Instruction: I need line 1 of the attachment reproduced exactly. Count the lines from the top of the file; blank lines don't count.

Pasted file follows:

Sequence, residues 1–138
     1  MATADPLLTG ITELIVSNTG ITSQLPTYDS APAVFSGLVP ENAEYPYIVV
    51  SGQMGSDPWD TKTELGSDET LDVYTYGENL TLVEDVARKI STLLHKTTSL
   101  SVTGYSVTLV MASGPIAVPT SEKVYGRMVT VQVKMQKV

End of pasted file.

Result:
Sequence, residues 1–138